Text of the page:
A. Judith C. Thalheimer, RD, LDN, managing editor of Tufts Health & Nutrition Letter, answers: “Yogurt is made by fermenting milk. The fermentation process breaks down much of the lactose—the sugar naturally found in milk—into its constituents, glucose and galactose. For this reason, many people who suffer from lactose intolerance (low levels of the lactase enzyme necessary to break down lactose) find they can tolerate some yogurt. Some styles of yogurt, like Greek and Icelandic (skyr) are strained. This makes them thicker and more protein-rich than other yogurts. Straining also removes some lactose, so these yogurts may be even better tolerated.
“Live active cultures are probiotics that help maintain a healthy gut microbiome. Bacteria commonly used in yogurt, Lactobacillus bulgaricus and Streptococcus thermophilus produce their own lactase enzyme, and it has been suggested that consuming these live bacteria may help with lactose digestion.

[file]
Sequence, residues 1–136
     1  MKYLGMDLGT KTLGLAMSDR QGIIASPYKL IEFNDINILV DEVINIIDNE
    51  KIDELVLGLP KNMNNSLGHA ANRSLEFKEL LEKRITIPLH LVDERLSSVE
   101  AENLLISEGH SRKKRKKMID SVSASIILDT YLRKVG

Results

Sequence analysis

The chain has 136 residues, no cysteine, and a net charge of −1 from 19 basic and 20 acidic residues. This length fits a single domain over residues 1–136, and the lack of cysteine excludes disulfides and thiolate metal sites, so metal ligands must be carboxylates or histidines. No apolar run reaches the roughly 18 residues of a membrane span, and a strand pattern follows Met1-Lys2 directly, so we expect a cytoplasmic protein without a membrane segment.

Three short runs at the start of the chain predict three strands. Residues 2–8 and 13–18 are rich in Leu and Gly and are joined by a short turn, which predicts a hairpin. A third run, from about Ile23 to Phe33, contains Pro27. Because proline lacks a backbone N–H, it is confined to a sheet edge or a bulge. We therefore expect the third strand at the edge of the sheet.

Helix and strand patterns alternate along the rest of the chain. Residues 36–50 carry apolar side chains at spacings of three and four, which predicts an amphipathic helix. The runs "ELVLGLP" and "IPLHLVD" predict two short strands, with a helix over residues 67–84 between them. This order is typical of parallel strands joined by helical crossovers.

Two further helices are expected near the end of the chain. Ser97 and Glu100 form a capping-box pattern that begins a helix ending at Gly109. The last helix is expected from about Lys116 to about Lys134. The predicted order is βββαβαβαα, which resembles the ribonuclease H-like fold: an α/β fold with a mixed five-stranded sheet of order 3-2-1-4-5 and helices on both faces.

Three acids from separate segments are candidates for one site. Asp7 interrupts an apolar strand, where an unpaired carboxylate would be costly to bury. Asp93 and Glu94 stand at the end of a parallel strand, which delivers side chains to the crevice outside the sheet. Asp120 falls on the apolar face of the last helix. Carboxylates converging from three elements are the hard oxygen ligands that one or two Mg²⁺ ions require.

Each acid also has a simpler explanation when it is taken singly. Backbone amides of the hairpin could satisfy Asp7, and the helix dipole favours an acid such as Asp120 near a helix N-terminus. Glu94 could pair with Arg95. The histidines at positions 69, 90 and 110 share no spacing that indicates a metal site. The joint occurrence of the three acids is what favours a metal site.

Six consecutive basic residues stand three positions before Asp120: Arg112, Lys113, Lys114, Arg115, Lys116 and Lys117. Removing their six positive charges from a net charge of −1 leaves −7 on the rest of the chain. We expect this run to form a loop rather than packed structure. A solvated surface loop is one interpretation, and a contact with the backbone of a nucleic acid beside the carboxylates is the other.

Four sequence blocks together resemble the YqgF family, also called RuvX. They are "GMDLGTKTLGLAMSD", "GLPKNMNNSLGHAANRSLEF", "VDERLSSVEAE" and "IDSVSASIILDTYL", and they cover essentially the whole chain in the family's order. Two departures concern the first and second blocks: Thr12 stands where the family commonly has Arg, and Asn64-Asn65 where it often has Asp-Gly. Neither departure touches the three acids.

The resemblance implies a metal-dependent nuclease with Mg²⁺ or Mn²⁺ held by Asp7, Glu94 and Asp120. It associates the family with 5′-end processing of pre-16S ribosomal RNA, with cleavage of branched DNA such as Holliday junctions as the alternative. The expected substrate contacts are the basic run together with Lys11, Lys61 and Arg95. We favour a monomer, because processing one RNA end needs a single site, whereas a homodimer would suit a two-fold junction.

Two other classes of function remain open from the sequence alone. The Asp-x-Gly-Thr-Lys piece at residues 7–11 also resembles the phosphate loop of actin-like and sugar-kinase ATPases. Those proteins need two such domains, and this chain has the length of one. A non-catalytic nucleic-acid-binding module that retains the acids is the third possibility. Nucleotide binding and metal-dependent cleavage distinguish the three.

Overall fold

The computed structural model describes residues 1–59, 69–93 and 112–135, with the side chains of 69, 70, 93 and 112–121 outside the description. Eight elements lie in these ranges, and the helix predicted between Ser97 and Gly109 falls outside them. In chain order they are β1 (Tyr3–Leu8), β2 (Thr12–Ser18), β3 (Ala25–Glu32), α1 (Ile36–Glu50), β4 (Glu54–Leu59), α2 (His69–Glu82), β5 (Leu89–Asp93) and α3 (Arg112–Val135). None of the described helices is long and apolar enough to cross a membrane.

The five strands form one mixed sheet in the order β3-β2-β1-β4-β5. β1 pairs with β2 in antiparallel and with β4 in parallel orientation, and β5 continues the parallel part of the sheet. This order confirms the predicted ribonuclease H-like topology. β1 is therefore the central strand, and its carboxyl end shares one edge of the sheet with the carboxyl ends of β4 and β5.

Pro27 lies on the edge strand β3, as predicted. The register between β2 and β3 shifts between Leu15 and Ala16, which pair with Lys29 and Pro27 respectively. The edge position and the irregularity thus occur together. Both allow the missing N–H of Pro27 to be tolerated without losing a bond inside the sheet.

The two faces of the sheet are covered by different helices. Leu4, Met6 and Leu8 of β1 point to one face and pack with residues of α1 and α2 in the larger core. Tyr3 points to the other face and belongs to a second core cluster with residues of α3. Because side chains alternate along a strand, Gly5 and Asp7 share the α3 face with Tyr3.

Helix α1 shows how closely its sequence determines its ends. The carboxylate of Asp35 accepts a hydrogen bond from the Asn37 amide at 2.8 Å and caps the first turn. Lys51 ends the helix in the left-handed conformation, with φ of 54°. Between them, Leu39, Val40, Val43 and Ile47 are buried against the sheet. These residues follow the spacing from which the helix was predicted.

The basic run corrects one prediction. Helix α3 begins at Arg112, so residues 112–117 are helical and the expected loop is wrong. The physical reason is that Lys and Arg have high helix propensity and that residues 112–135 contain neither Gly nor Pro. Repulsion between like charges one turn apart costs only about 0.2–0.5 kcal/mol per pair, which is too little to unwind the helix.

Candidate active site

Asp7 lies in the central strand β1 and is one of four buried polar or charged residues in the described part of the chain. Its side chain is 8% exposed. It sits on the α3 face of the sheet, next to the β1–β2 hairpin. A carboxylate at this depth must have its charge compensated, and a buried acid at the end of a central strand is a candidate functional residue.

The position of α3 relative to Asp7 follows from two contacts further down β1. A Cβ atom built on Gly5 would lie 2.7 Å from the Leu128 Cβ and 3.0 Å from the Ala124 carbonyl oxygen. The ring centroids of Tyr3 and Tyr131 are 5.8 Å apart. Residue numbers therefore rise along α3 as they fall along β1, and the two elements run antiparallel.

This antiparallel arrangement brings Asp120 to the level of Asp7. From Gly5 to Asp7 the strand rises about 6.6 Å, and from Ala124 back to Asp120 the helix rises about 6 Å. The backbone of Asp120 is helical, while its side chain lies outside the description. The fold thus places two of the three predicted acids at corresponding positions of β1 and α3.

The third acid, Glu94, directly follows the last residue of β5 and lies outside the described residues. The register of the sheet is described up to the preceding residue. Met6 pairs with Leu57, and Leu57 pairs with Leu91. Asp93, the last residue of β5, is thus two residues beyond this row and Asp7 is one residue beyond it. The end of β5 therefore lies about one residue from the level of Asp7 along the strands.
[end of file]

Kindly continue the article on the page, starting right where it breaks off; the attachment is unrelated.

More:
“Some yogurt products are heat treated after fermentation. This kills most of the bacteria responsible for breaking down the milk sugars, and likely destroys any lactase enzyme they have released into the yogurt. Three small studies conducted in the early 2000s found that, while heat treated fermented milk was better tolerated by individuals with lactose intolerance than regular milk, yogurt with live cultures resulted in less severe gastrointestinal symptoms and lower breath hydrogen excretion (a test for lactose intolerance).
“If you have lactose intolerance, yogurt may still be an option for you. It is possible that yogurts with live and active cultures may have a slight edge over heat-treated products (the label will indicate if live cultures are present). Be aware that the number of live bacteria in a container of yogurt will dwindle over time. For general health, choose products with little or no added sugars, and mix in your own fresh or frozen fruit.”